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Keelyn Ellis: From North Memphis to North Africa

  • Written by Tri-State Defender Newsroom
 

Memphis born-and-raised musician Keelyn Ellis was just back from a trip to Tunisia Africa and was happy to do an interview for the readers of The New Tri-State Defender.
 
 Kelvin Cowans

by Kelvin Cowans

Special to the Tri-State Defender

Memphis born-and-raised musician Keelyn Ellis was just back from a trip to Tunisia Africa and was happy to do an interview for the readers of The New Tri-State Defender. So I seized the opportunity to see what he’s been up to and what he’s got planned next.

“Tunisia, Africa is beautiful. Even with all of the pictures I took, they still can’t show you what it feels like to be there,” said Ellis. “I took camelback rides and I enjoyed the vast beauty of the Mediterranean Sea and the culture of the people.”

So how does a kid from North Memphis end up in North Africa?

 
Keelyn Ellis’ mother was a talented singer, who also played the piano. His father sang and played bass guitar. He took in the essence of both and “went for it with all I had.” (Photo by Patrick Covington Photography.)

 
Ellis in Tunisia, Africa’s northernmost country. (Courtesy photos)

 
 Camel back and ready to roll.

“I was asked to go on tour with a friend of mine, an awesome guitar player named Preston Shannon. While preparing for the tour I had my people to set up some music workshops so that I could bless the kids over there with my knowledge of music. I wanted them to know the techniques to song writing and tricks of the music business,” said Ellis.

“They were very interested in the Hip-Hop culture. I had the kids to come up and share with me some of their music and they were excellent. In this section of Africa the language was French, and they got to rapping in French and doing their spoken word poetry and I found myself turning into a fan of theirs.”

Keelyn showed me a picture of him gracing the microphone on Beale Street and he wasn’t what we call young, he was a baby.

“When did this music thing get started for you,” I asked?

“It started when I was 4 years old. My family had a gospel group and they would take me down on Beale Street to Handy Park and I would sing gospel songs. My mom was a great singer and she could also play the piano. My dad could sing and he also played the bass guitar. I just took in the essence of it all and when I got older I just went for it with all I had,” said Ellis.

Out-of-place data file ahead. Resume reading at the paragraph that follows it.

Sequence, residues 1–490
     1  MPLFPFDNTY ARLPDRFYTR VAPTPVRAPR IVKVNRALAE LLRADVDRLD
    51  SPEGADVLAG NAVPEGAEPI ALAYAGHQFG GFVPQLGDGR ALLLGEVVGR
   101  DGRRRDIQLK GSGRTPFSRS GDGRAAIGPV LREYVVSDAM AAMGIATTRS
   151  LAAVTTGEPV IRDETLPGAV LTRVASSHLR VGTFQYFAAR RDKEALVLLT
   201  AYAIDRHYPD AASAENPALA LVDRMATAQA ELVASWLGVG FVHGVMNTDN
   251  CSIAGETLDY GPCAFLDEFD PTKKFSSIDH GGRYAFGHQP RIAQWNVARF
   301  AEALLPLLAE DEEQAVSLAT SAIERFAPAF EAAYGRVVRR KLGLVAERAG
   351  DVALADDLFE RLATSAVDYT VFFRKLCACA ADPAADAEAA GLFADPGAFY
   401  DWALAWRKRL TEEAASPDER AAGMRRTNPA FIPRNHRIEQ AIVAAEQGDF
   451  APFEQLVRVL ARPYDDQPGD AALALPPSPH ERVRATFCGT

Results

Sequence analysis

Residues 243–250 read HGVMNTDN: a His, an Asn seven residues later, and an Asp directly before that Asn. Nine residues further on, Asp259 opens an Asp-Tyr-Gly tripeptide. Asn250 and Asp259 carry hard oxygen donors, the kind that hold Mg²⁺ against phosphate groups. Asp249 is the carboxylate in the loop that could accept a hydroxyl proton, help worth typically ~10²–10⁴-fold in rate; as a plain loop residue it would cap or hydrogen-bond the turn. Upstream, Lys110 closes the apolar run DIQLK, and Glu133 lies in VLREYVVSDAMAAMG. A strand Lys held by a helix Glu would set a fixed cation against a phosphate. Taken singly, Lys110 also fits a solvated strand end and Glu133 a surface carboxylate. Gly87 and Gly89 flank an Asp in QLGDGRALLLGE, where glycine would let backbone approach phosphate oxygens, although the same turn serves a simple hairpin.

“I still remember how hungry I was to get in the music game and make it. I had to be 19 years old when I packed my bags, grabbed my keyboard and like twenty songs that I had written and headed for New York.”

Really?

“Real talk, I took a 22-hour Greyhound bus ride from Memphis to New York against everybody’s wishes, even my Mom. Everybody thought I was crazy. Now that I look back on it, I do feel a little crazy that I did that,” Ellis said.

“But it wasn’t long after that when I got a chance to hook up with P. Diddy and he took me under his wings. I was able to ink my first management deal. I met a lot of superstars that I grew up watching when he took me to his recording studio named Daddy’s House. It was all good.

“I have written or produced for artists and groups such as Day 26, Danity Kane and televison shows such as “Making The Band 4” and “So You Think You can Dance.”

Everywhere he goes, people are always talking good about Memphis music, said Ellis.

“Memphis is full of talent. I remember the first beat I ever sold was to the rapper Skinny Pimp and it just took off from there. I did work with Yo Gotti on his “Back to the Basics” album and after that I did some gospel, pop and Jazz. I got real busy and stayed on the grind.”

I asked Keelyn what could we expect from him next.

“I now have a record company named EMG and what we are trying to do is take whatever it is that you do and help you build it. Whether you sing, rap, dance or write songs, we are looking for talent,” said Ellis.

I was working with Lamont Dozier and he was explaining to me how Berry Gordy ran Motown. How he(Gordy) shaped groups like The Temptations, The Jackson Five and The Supremes. This is how I envision EMG to be. We are family oriented and looking to bridge the gap between the younger and older generations.

“So if you feel you have a talent, I encourage you to get at me. No matter what it is, don’t be shy. Let’s let the people decide.”

(Keelyn Ellis can be reached at www.facebook.com/KeelynEllis, Twitter@Ellisbaby or you can watch his videos at YouTube.com/EMGmusiclive.)

(Reach Kelvin Cowans, aka Six-Four, at This email address is being protected from spambots. You need JavaScript enabled to view it. .)

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